The Permaculture system of growing food is a splendid much less labor intensive system, combined with some other tricks and techniques, it becomes economically feasible, not in terms of money, but in terms of direct time and labor.

    I have a metal fab/weld shop. It is basic, but practical, I’m adding in blacksmithing, and foundry work as things progress. This resource is great, I can fabricate and repair, improve or modify many items tools and devices. I do things like weld repair, reproduce a broken or lost part, modify something for another application, and always prefer to trade or barter for my services. That brings you closer to your area of operations and life.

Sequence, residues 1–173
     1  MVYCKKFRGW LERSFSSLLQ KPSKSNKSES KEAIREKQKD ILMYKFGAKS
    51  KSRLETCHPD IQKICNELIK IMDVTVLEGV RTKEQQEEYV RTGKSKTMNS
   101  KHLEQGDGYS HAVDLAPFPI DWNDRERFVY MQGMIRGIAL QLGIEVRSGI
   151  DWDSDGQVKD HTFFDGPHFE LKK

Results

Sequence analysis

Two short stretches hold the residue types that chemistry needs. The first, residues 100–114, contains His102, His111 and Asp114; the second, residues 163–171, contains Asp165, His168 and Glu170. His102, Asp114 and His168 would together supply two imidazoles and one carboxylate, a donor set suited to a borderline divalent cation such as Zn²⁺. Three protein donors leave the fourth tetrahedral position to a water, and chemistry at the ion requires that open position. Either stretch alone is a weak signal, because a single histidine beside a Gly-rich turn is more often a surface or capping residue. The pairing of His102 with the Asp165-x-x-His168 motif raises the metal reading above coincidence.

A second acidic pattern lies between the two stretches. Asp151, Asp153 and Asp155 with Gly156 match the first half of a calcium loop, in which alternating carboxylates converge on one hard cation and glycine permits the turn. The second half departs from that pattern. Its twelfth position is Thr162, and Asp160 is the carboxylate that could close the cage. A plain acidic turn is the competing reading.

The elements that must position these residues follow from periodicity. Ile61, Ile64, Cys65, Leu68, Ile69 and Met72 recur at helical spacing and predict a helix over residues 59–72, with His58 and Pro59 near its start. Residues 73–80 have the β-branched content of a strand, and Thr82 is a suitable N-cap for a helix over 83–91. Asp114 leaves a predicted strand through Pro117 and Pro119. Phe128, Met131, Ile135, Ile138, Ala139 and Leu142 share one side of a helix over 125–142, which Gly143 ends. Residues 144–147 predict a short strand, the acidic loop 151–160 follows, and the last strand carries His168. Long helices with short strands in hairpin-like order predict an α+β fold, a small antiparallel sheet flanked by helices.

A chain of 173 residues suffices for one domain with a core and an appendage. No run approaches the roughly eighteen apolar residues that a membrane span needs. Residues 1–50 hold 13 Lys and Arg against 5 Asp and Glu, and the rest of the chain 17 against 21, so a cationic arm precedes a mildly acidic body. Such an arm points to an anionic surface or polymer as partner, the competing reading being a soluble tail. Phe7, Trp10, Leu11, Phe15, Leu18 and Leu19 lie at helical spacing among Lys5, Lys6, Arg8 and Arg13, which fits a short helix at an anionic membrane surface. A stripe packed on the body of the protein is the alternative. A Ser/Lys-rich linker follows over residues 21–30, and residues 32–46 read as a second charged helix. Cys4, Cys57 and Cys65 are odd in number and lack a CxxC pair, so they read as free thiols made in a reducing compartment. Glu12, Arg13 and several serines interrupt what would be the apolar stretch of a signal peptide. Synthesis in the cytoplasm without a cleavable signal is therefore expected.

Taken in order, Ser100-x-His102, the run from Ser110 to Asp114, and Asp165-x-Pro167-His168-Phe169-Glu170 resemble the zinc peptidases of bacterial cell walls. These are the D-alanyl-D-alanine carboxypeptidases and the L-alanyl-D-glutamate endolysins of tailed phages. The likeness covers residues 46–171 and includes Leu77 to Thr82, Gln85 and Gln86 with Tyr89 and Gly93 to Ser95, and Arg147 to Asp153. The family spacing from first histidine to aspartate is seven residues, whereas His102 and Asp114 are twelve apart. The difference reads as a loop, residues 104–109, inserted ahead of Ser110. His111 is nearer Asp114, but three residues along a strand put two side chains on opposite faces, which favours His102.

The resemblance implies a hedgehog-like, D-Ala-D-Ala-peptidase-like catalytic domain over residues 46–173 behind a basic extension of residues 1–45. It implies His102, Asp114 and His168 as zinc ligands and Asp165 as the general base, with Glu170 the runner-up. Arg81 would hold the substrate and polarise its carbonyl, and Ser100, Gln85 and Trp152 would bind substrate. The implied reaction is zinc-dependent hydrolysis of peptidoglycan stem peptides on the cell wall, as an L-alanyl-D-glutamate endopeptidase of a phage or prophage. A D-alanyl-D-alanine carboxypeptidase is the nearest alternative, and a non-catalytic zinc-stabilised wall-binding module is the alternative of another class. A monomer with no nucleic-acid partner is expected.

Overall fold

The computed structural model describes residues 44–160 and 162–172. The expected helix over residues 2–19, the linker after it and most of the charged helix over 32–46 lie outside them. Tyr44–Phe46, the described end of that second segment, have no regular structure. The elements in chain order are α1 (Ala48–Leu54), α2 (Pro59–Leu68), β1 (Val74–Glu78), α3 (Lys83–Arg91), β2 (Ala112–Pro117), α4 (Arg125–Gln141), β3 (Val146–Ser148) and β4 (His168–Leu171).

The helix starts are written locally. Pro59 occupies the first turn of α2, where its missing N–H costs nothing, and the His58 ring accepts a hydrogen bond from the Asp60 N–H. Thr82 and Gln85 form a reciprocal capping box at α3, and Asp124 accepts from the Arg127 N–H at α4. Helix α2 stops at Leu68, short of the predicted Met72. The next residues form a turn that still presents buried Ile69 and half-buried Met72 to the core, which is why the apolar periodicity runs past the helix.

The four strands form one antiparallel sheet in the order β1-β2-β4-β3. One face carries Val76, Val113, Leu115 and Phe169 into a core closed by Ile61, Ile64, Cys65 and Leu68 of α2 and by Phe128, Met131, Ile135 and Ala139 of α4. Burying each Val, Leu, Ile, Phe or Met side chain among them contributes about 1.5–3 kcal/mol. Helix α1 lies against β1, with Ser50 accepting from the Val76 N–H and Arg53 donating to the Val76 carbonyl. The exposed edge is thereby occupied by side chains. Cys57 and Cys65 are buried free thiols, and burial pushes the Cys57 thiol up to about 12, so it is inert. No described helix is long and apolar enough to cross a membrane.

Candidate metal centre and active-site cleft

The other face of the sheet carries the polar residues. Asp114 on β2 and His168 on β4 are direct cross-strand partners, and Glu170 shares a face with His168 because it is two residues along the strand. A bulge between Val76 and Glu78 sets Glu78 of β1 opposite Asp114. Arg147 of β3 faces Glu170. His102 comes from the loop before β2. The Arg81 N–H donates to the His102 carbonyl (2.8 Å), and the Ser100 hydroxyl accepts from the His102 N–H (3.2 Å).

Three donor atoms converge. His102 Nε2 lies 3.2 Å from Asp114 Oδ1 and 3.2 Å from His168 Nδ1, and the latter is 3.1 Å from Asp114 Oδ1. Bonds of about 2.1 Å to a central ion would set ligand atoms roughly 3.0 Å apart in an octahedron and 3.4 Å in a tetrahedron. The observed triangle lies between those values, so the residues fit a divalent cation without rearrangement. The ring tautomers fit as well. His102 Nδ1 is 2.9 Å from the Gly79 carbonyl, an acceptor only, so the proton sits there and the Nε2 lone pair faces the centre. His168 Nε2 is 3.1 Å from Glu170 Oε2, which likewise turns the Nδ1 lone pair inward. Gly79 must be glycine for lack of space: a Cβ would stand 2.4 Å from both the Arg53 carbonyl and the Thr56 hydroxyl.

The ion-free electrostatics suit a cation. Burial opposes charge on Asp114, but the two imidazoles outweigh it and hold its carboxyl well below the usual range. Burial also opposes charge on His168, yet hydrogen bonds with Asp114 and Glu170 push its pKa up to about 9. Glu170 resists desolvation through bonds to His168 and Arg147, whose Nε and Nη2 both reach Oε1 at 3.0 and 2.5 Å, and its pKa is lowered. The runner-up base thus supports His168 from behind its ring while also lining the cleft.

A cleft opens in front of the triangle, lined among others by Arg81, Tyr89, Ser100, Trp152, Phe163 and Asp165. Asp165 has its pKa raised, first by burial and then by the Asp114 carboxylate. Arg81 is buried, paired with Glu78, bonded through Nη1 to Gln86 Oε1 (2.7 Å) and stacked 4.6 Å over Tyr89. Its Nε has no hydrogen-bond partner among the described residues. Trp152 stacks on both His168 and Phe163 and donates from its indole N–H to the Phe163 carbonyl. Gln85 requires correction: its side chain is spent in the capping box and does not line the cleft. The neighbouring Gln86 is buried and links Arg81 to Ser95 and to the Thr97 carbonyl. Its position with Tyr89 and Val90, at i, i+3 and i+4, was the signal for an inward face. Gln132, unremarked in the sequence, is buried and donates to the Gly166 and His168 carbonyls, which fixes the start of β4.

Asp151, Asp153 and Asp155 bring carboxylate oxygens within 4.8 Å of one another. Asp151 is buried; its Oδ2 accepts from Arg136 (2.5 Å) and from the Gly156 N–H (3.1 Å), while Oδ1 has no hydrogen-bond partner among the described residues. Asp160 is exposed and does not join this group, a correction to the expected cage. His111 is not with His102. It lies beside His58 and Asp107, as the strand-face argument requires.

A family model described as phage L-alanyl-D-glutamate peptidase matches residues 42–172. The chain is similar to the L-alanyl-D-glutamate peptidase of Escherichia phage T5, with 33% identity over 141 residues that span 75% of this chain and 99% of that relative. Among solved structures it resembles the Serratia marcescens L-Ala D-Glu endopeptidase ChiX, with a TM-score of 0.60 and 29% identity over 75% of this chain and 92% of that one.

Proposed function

Just today I weld repaired cracks in aluminum truck rims for a farming neighbor on his diesel pickup. Its his main piece of equipment aside from his tractor. He can’t afford new rims, he raises beef, eggs, sheep, goats, and a few cash crops. I get paid in eggs, or a pickup bed of fresh corn. What could be better than that? We ferment a few ears, can up the rest, eat a couple raw. It living large. Its rich beyond any fiat can get you.

    Last year I weld repaired his stock trailer. Got a piglet out of the deal.